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Halo naevi with associated vitiligo-like depigmentations: pathogenetic hypothesis

Nanja van Geel (UGent) , Reinhart Speeckaert (UGent) , Jo Lambert (UGent) , ILSE MOLLET (UGent) , Stefanie De Keyser (UGent) , Sofie De Schepper (UGent) and Lieve Brochez (UGent)
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Abstract
Background : In analogy with melanoma-associated leucoderma, halo naevi may trigger in some patients the development of additional depigmentations which are in distribution, extent and prognosis not in accordance with classic vitiligo. Objective : The aim of this study was to support the hypothesis that in a subset of halo naevi patients vitiligo-like lesions develop directly linked to the halo phenomenon. Methods : Forty-one patients with halo naevi were examined for the development of depigmentations not corresponding to typical vitiligo lesions. Results : We identified a subset of five halo naevi patients with additional subtle depigmentations. After the occurrence of multiple halo naevi, they developed leucoderma that showed a different disease pattern than vitiligo (variable asymmetric distribution, limited extent and lack of progression). Moreover, the characteristics of these halo naevi patients with associated leucoderma were different from classic vitiligo patients (high number of halo naevi, absence of family history for vitiligo and absence of autoimmune diseases) and the timing of occurrence of the leucoderma suggested a direct relation with the halo phenomenon. Conclusions : In this article, we describe in a limited subset of patients with multiple halo naevi discrete depigmentations at distance from halo naevi which may result from a temporary autoimmune process directly linked to the halo phenomenon. This finding illustrates the collateral damage resulting from skin immunosurveillance and may have clinical consequences as the evolution pattern in this subset of patients is less progressive compared with vitiligo. We present clinical data that support this hypothesis and suggest to call it halo naevi-associated leucoderma.
Keywords
SEGMENTAL VITILIGO, METASTATIC MELANOMA, IMMUNOTHERAPY, LEUKODERMA

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Chicago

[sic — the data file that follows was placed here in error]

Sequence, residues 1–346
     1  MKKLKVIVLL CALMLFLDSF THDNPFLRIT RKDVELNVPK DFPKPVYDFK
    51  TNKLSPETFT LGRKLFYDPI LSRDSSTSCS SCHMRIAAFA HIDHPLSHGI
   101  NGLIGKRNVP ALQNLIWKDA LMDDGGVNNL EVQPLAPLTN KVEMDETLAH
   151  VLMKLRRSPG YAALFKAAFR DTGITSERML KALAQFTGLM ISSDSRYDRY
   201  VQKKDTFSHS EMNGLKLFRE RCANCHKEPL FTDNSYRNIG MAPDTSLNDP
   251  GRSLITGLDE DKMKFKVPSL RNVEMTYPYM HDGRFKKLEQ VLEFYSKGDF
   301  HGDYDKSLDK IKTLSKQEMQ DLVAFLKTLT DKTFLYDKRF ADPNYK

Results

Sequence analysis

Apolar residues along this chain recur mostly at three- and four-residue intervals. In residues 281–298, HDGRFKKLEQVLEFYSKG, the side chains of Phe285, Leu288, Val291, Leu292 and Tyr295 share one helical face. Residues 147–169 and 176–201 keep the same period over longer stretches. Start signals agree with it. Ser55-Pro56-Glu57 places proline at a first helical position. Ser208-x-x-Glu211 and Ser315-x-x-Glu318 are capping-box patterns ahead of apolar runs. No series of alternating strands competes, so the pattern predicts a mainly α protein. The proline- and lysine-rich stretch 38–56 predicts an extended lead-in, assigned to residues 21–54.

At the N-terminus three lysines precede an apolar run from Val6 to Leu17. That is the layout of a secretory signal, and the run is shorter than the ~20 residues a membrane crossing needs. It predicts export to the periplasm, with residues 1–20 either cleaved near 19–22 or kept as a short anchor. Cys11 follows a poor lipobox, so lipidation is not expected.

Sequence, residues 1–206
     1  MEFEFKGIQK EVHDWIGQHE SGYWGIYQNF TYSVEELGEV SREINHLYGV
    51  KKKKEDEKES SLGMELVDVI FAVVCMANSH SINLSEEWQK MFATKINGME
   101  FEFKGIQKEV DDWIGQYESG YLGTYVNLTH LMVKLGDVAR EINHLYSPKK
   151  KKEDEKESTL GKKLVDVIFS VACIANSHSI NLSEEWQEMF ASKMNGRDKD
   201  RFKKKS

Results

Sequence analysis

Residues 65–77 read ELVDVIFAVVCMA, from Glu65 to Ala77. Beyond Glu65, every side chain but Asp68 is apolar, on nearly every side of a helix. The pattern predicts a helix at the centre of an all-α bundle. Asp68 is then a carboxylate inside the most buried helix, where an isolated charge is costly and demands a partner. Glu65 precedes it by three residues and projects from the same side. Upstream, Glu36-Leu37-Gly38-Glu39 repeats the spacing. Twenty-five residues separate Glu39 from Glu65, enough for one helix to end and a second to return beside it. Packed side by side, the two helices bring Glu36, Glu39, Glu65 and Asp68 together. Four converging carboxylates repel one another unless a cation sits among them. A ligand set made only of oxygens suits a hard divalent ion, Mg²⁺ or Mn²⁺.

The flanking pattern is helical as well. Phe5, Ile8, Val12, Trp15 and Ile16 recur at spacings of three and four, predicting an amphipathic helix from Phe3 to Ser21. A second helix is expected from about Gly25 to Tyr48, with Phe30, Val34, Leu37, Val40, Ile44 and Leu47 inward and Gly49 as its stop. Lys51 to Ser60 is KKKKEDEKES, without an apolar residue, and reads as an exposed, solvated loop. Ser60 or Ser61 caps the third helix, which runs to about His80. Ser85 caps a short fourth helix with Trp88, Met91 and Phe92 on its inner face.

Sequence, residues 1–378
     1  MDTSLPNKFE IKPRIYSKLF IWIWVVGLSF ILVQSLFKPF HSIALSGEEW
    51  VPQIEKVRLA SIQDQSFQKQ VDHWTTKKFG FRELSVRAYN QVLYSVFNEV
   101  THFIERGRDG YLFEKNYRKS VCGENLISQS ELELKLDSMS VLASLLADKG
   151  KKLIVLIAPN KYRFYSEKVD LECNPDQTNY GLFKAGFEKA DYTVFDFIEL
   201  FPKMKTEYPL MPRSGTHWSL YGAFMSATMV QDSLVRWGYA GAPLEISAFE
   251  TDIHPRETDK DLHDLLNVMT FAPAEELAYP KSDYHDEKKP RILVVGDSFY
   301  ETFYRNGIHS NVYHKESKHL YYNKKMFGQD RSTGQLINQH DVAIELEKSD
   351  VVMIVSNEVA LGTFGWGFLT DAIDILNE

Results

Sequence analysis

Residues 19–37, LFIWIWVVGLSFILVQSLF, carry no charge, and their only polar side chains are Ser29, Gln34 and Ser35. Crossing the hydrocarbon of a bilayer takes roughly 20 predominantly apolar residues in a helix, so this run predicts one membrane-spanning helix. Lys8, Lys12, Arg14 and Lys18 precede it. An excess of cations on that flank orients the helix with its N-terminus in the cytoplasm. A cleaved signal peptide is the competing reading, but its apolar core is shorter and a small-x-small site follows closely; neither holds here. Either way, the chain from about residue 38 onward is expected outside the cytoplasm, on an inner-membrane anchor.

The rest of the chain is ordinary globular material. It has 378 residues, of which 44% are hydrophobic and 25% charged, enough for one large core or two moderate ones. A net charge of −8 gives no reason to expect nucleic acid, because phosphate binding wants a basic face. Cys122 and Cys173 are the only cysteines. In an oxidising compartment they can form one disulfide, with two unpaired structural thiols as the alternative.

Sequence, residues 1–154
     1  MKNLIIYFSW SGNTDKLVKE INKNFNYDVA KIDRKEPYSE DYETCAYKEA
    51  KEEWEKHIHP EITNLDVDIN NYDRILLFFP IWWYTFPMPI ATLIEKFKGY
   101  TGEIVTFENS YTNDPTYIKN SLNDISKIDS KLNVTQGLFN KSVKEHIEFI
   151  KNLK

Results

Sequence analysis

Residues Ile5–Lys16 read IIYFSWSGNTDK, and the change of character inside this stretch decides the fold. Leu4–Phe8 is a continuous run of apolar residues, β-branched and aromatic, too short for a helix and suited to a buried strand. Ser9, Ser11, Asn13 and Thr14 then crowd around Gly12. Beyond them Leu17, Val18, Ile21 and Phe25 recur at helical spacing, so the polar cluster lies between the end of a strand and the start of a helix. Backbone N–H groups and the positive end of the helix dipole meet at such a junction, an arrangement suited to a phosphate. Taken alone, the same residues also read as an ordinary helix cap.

van Geel, Nanja, Reinhart Speeckaert, Jo Lambert, ILSE MOLLET, Stefanie De Keyser, Sofie De Schepper, and Lieve Brochez. 2011. “Halo Naevi with Associated Vitiligo-like Depigmentations: Pathogenetic Hypothesis.” Journal of the European Academy of Dermatology and Venereology 26 (6): 755–761.
APA
van Geel, N., Speeckaert, R., Lambert, J., MOLLET, I., De Keyser, S., De Schepper, S., & Brochez, L. (2011). Halo naevi with associated vitiligo-like depigmentations: pathogenetic hypothesis. JOURNAL OF THE EUROPEAN ACADEMY OF DERMATOLOGY AND VENEREOLOGY, 26(6), 755–761.
Vancouver
1.
van Geel N, Speeckaert R, Lambert J, MOLLET I, De Keyser S, De Schepper S, et al. Halo naevi with associated vitiligo-like depigmentations: pathogenetic hypothesis. JOURNAL OF THE EUROPEAN ACADEMY OF DERMATOLOGY AND VENEREOLOGY. 2011;26(6):755–61.
MLA
van Geel, Nanja, Reinhart Speeckaert, Jo Lambert, et al. “Halo Naevi with Associated Vitiligo-like Depigmentations: Pathogenetic Hypothesis.” JOURNAL OF THE EUROPEAN ACADEMY OF DERMATOLOGY AND VENEREOLOGY 26.6 (2011): 755–761. Print.
@article{2117229,
  abstract     = {Background : In analogy with melanoma-associated leucoderma, halo naevi may trigger in some patients the development of additional depigmentations which are in distribution, extent and prognosis not in accordance with classic vitiligo.
Objective : The aim of this study was to support the hypothesis that in a subset of halo naevi patients vitiligo-like lesions develop directly linked to the halo phenomenon.
Methods : Forty-one patients with halo naevi were examined for the development of depigmentations not corresponding to typical vitiligo lesions.
Results : We identified a subset of five halo naevi patients with additional subtle depigmentations. After the occurrence of multiple halo naevi, they developed leucoderma that showed a different disease pattern than vitiligo (variable asymmetric distribution, limited extent and lack of progression). Moreover, the characteristics of these halo naevi patients with associated leucoderma were different from classic vitiligo patients (high number of halo naevi, absence of family history for vitiligo and absence of autoimmune diseases) and the timing of occurrence of the leucoderma suggested a direct relation with the halo phenomenon.
Conclusions : In this article, we describe in a limited subset of patients with multiple halo naevi discrete depigmentations at distance from halo naevi which may result from a temporary autoimmune process directly linked to the halo phenomenon. This finding illustrates the collateral damage resulting from skin immunosurveillance and may have clinical consequences as the evolution pattern in this subset of patients is less progressive compared with vitiligo. We present clinical data that support this hypothesis and suggest to call it halo naevi-associated leucoderma.},
  author       = {van Geel, Nanja and Speeckaert, Reinhart and Lambert, Jo and MOLLET, ILSE and De Keyser, Stefanie and De Schepper, Sofie and Brochez, Lieve},
  issn         = {0926-9959},
  journal      = {JOURNAL OF THE EUROPEAN ACADEMY OF DERMATOLOGY AND VENEREOLOGY},
  language     = {eng},
  number       = {6},
  pages        = {755--761},
  title        = {Halo naevi with associated vitiligo-like depigmentations: pathogenetic hypothesis},
  url          = {http://dx.doi.org/10.1111/j.1468-3083.2011.04160.x},
  volume       = {26},
  year         = {2011},
}

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